Under current rules, inmates only find out on the morning of their death that they are to face the gallows.

Constitutional Validity of Death by Hanging Also Questioned

An original draft of Japan’s constitution.

Lawyers maintain that both the use of hanging and the anguish inmates face as they await their fate is inhumane. Indeed the length of time between sentencing and death can sometimes take decades. The three plaintiffs in this case remain anonymous. However, their representatives confirmed that they have all been on death row for more than 10 years. Furthermore, legal representatives also confirmed that two of the three also want retrials of their initial cases.

In a statement, the head of the legal team representing the three, Kyoji Mizutani outlined their case. He said: “Whatever they may have done, keeping someone in a state where every day they wake up could be their last, is inhumane. To do this for years, even decades is abominable.”

He continued: “it is time to call Japan’s capital punishment system into question once again.”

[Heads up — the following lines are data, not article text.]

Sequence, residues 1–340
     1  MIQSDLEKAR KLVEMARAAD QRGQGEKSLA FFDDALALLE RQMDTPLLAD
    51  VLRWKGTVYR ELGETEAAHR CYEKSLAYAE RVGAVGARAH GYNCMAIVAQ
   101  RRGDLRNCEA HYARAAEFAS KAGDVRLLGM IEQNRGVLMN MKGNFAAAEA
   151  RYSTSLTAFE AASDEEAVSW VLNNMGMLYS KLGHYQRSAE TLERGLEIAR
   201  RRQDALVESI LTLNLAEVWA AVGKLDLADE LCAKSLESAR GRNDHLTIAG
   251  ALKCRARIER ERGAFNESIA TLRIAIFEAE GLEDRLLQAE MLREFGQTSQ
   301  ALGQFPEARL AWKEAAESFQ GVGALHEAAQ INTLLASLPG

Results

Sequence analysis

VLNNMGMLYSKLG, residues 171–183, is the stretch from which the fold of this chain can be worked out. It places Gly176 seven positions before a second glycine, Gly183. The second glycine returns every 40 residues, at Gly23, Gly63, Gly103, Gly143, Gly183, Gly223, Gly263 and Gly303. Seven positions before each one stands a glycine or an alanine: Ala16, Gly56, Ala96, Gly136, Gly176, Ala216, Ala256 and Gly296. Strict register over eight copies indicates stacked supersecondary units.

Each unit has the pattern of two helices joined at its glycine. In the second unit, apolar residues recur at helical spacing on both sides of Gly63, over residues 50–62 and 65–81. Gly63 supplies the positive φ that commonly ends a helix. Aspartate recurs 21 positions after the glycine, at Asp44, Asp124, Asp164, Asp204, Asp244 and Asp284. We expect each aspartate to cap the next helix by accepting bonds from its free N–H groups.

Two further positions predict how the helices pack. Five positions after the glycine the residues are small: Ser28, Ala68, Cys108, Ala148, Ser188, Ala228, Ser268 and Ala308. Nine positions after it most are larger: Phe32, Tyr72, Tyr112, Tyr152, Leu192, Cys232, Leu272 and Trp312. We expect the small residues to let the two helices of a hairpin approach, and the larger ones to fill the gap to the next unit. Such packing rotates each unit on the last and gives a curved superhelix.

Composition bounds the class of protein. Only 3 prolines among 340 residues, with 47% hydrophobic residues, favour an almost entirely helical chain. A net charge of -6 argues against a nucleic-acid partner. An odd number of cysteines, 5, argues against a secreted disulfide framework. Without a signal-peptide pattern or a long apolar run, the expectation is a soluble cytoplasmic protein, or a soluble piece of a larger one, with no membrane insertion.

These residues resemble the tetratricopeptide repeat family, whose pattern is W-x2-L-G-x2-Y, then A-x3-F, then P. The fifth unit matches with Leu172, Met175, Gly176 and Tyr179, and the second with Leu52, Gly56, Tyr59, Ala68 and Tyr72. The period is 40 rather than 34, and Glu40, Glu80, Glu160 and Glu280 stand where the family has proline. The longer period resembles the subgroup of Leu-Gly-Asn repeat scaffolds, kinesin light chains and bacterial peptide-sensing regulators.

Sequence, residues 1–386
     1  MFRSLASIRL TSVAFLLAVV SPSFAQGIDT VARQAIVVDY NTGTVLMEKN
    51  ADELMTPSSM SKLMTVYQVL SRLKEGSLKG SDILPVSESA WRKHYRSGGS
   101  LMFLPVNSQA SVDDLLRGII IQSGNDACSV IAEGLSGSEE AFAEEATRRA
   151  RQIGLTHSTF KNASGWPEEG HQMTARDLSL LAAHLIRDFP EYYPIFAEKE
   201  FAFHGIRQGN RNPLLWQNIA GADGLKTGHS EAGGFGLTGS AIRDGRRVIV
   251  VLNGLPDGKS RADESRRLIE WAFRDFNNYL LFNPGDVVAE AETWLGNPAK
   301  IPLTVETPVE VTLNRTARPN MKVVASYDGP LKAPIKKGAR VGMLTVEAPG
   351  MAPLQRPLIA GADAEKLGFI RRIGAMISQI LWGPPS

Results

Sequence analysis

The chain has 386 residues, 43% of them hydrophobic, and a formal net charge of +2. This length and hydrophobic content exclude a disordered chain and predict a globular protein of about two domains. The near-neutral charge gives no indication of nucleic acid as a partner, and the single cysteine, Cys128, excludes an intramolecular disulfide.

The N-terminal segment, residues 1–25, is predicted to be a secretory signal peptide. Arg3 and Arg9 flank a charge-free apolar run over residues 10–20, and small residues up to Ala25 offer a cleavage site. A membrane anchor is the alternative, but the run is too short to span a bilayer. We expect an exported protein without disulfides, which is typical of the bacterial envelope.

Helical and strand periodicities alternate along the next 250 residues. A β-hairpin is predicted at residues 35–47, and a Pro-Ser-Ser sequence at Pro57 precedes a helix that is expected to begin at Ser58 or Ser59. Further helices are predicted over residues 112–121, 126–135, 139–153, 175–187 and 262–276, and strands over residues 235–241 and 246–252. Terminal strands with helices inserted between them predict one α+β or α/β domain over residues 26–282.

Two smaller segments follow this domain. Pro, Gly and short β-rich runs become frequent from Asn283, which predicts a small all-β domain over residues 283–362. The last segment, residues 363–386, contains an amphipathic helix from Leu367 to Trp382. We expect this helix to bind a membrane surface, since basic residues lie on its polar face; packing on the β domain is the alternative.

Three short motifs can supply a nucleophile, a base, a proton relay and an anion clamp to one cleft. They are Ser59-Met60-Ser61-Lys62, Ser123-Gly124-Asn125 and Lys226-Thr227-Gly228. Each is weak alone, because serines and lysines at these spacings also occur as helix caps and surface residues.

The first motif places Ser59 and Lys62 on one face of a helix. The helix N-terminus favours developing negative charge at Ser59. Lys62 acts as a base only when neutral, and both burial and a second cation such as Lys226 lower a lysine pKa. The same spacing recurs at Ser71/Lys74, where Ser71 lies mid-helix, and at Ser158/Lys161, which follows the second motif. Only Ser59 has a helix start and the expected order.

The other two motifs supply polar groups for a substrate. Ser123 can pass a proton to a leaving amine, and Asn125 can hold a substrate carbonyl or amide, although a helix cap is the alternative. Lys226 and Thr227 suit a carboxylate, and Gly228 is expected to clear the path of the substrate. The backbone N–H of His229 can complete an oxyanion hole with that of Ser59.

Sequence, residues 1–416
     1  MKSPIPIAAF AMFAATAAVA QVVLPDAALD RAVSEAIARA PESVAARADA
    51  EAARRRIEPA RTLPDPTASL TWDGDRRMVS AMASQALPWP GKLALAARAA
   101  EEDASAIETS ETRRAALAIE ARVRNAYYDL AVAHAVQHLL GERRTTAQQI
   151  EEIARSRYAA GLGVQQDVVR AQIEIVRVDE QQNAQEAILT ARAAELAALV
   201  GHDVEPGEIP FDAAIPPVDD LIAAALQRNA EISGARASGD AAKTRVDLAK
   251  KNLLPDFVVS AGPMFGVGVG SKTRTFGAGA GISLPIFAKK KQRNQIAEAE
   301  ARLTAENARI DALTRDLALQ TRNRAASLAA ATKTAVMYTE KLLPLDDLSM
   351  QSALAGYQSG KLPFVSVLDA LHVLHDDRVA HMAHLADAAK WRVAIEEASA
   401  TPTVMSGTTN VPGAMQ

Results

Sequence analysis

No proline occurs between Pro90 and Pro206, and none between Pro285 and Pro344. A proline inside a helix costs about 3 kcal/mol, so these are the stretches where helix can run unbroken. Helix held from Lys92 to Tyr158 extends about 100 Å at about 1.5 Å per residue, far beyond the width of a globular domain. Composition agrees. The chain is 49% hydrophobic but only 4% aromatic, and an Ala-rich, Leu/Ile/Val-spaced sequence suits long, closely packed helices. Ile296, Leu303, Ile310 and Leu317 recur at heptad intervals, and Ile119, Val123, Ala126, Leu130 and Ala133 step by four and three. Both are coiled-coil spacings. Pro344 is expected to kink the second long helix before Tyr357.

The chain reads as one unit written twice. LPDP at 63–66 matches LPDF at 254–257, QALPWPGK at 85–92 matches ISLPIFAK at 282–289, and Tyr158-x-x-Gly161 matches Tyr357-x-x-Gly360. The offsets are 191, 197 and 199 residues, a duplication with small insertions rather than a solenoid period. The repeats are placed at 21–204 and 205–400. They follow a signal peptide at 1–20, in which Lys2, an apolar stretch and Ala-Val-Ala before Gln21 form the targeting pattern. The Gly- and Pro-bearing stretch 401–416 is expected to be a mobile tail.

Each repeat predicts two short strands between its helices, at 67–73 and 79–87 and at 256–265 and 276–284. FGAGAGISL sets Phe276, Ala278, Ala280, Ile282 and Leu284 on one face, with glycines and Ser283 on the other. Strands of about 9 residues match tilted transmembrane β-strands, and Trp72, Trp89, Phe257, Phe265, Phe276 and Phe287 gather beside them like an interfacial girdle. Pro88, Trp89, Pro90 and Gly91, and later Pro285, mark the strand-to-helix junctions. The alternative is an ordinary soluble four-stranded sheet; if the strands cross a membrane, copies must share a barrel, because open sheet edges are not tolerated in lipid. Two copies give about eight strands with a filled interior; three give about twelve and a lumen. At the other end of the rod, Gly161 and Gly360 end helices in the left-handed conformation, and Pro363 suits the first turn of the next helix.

The argument about the anguish caused to prisoners on death row is an emotive one. However, the argument against hanging as a means of execution has more of a scientific basis.

In a previous challenge to the death penalty, an expert medical witness testified that hanging does not cause the condemned person “undue suffering.” Their rationale was that the person being hung lose consciousness almost immediately. However, numerous international assessments dispute this assumption.

Despite Latest Challenge, Support Remains for Death Penalty

Cult leader and mass-murderer Shoko Asahara was executed in 2018. He masterminded the Tokyo Subway Sarin Gas Attack in 1995.